Monthly Archives: May 2011

Profiling SMARD: Hunter’s Story

Hunter’s story

I had a great pregnancy, delivered full term. Hunter was a healthy
baby 7lbs 14oz, 19in long. Everything was going great. He slept and
ate all the time. Well all of a sudden he develops a squeak when he
would breathe. The doctors weren’t worried. Then he starts having a
problem eating, he just didn’t want to eat. He had weekly weight
checks and he kept losing weight. We went in to his doctor one day and
hunter was looking really pale. His Dr told us to take him to the
Children’s Hospital ER and that was the beginning of Hunter’s journey.
June 10, 2009 I will always remember that day. Hunter was 2 ½ months
old. He was admitted to Seattle Children’s Hospital with respiratory
distress. Everyday seemed to get worse. He was put on oxygen. Then he
refused to eat, so they put a feeding tube down his nose to his tummy(
a NG tube). He was really uncomfortable and cranky. The night of June
15th Hunter crashed and was moved to the PICU ( pediatric intensive
care unit). There he was put on CPAP (a high flow of oxygen through
the nose) for maybe a day. Then they intubated him for a procedure and
decided to keep him intubated, because he was comfortable. He stayed
sedated for a long time, otherwise he would try to pull the tube out
of his throat. They tried to extubate him a few times and he always
failed. They decided to give Hunter a tracheotomy in August of 2009.
Hunter was their little mystery, they ran every test they could think
of and everything came back fine. One day a
Neurologist comes in and he says that Hunter has the symptoms of
SMARD. I thought no way, my baby will be fine and he will just grow
out of this. He did the test and we went about our business learning
everything about how to care for Hunter. Before we are about to take
Hunter home I ask someone if the results are in and they said he was
negative, I was so happy. We took Hunter home and everything was
great. We went back for a check up and the Dr told me that Hunter did
have SMARD, the person who told me read the results of the SMA test.
Well I just lost it right there, I just couldn’t believe it, I thought
my little man was going to be just fine.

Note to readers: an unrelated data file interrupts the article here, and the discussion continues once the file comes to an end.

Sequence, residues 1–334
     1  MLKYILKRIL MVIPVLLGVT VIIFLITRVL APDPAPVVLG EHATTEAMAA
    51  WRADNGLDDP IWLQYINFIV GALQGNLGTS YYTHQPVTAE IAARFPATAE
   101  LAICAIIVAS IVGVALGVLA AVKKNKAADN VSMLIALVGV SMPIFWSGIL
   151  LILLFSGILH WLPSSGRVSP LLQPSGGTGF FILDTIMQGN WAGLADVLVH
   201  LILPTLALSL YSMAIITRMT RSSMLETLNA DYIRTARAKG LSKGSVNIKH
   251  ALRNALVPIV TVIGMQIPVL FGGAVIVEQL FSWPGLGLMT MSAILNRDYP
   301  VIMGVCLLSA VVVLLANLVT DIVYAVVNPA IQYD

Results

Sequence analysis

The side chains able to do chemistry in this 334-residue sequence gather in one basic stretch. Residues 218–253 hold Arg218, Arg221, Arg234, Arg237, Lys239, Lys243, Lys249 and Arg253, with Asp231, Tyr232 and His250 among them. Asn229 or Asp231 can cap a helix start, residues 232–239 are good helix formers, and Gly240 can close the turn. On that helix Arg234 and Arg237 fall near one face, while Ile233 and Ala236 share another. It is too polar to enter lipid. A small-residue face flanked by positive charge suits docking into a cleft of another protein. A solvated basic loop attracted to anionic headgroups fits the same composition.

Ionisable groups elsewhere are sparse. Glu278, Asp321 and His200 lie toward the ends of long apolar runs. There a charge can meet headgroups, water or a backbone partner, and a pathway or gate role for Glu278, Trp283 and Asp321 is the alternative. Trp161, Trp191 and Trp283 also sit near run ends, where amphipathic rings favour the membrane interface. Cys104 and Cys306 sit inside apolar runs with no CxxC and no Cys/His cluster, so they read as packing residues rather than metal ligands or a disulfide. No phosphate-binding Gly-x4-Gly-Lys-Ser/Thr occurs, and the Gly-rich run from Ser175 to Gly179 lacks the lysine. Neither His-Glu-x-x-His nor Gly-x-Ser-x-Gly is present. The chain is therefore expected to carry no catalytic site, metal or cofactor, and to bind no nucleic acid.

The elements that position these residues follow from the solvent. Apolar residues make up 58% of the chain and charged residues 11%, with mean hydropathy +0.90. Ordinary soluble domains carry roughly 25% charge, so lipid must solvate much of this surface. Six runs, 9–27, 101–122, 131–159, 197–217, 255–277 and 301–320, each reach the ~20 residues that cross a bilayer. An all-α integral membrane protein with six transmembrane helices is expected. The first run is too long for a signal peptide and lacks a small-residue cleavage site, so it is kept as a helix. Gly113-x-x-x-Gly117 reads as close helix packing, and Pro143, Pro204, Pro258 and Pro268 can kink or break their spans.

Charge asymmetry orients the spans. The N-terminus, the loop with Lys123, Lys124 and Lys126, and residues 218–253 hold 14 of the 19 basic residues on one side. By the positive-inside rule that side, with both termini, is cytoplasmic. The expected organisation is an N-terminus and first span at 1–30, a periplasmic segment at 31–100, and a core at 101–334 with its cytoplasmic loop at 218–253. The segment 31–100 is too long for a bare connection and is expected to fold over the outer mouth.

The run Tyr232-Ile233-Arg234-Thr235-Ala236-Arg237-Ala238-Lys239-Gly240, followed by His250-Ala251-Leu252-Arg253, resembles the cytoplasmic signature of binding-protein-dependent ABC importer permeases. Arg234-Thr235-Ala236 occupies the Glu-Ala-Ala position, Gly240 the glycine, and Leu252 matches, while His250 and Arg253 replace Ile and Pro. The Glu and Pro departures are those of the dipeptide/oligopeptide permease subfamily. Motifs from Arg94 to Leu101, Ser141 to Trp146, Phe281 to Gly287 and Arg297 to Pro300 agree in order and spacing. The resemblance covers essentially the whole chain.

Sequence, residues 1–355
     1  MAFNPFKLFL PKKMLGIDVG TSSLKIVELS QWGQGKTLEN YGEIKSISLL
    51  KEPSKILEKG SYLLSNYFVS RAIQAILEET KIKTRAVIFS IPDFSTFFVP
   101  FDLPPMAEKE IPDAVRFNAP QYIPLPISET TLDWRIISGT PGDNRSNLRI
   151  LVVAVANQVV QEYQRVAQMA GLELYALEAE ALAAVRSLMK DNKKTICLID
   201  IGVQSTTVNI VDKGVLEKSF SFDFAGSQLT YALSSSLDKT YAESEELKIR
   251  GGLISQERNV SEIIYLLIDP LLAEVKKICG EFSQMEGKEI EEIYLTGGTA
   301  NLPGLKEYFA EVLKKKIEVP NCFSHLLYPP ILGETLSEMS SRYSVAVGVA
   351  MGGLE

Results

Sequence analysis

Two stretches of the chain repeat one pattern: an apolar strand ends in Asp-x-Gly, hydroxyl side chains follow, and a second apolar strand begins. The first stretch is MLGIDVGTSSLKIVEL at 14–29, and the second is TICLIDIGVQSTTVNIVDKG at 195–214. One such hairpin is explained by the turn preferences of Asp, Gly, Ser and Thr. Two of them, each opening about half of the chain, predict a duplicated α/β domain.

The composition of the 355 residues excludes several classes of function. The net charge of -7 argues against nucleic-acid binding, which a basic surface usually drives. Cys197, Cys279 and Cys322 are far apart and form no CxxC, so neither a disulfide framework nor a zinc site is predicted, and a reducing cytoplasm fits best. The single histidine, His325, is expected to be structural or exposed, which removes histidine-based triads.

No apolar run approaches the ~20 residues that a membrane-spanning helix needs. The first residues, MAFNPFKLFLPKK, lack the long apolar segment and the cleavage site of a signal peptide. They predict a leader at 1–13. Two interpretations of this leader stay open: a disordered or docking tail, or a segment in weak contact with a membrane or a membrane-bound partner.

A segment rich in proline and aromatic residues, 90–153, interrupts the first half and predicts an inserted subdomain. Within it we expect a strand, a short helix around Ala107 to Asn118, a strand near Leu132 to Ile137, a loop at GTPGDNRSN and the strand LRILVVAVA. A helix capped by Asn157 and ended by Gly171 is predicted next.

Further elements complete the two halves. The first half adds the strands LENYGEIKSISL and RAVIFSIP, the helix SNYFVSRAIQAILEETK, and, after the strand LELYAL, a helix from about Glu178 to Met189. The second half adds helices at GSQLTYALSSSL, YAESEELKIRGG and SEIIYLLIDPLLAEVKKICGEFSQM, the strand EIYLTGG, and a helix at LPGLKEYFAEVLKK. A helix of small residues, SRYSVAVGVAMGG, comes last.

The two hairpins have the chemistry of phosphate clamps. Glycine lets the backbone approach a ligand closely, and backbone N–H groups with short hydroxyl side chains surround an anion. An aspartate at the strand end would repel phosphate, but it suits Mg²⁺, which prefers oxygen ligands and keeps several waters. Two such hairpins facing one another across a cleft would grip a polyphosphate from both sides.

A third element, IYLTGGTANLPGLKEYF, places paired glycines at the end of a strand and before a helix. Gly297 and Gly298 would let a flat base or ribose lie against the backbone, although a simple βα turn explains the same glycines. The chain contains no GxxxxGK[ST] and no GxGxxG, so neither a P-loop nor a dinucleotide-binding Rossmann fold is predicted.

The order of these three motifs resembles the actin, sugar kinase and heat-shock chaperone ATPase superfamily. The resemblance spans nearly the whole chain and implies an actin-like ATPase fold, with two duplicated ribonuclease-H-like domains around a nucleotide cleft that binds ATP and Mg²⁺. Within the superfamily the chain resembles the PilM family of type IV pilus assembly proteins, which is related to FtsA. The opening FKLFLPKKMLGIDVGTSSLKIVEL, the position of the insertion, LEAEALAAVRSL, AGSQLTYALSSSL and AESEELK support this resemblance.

Well we went home and adjusted to life with Hunter. We were only home
for 2 months when Hunter almost died. I had a nurse who I trusted to
care for him while I slept. One night this nurse was negligent with
Hunter’s care and almost killed him. To sum it up She messed up his
tubing, so he wasn’t breathing and she didn’t do anything about it.
She waited to wake me up and I went in his room and he was lifeless
and I saved him and brought him back to life. He then had a seizure
and was taken to the hospital. He was unresponsive and had seizures on
and off for a few hours. Then he finally came through and was his
happy little self again.
We went a whole year without Hunter having to go to the hospital. Then
flu season came around and he has been in and out since then. Recently
we found out that hunter has a little amount of brain damage and
seizures all from when that nurse almost killed him.
So that is Hunter’s story. I have been putting off from writing it. It
is always emotional thinking back. I always thought when I would have
a baby I would be married and my baby would be healthy, would be able
to walk and say I love you mommy! No matter what though I know my baby
loves me, I know he will walk one day, and he will be healthy one day.
That is what keeps me going strong knowing that my baby is going to be
ok.

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Profiling SMARD: Christopher’s Story

Jan and I were married twelve years before Christopher was born in July of 1989.  He was our little miracle. 
 
From a guys perspective the pregnancy progressed pretty well though Jan was sick a lot and we were quietly concerned that the baby didn’t seem to move as much as other babies.  I know Jan has lots more insight into these times than I do.  She was watched closely because there were concerns.